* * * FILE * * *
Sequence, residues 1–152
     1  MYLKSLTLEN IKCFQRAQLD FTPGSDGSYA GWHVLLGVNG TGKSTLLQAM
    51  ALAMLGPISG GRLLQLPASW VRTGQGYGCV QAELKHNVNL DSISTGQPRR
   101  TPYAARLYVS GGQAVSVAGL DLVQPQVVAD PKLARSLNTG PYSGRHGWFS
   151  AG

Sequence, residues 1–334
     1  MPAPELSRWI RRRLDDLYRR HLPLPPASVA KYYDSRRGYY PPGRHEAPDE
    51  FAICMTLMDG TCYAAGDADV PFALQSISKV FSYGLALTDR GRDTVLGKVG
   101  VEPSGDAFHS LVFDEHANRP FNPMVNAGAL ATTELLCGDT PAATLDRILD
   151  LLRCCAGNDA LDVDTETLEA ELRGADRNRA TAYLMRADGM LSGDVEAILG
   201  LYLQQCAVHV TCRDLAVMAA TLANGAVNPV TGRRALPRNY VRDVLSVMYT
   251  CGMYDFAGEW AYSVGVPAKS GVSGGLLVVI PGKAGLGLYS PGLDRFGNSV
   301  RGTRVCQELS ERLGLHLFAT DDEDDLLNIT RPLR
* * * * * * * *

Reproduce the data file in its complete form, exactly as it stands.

Sequence, residues 1–152
     1  MYLKSLTLEN IKCFQRAQLD FTPGSDGSYA GWHVLLGVNG TGKSTLLQAM
    51  ALAMLGPISG GRLLQLPASW VRTGQGYGCV QAELKHNVNL DSISTGQPRR
   101  TPYAARLYVS GGQAVSVAGL DLVQPQVVAD PKLARSLNTG PYSGRHGWFS
   151  AG

Sequence, residues 1–334
     1  MPAPELSRWI RRRLDDLYRR HLPLPPASVA KYYDSRRGYY PPGRHEAPDE
    51  FAICMTLMDG TCYAAGDADV PFALQSISKV FSYGLALTDR GRDTVLGKVG
   101  VEPSGDAFHS LVFDEHANRP FNPMVNAGAL ATTELLCGDT PAATLDRILD
   151  LLRCCAGNDA LDVDTETLEA ELRGADRNRA TAYLMRADGM LSGDVEAILG
   201  LYLQQCAVHV TCRDLAVMAA TLANGAVNPV TGRRALPRNY VRDVLSVMYT
   251  CGMYDFAGEW AYSVGVPAKS GVSGGLLVVI PGKAGLGLYS PGLDRFGNSV
   301  RGTRVCQELS ERLGLHLFAT DDEDDLLNIT RPLR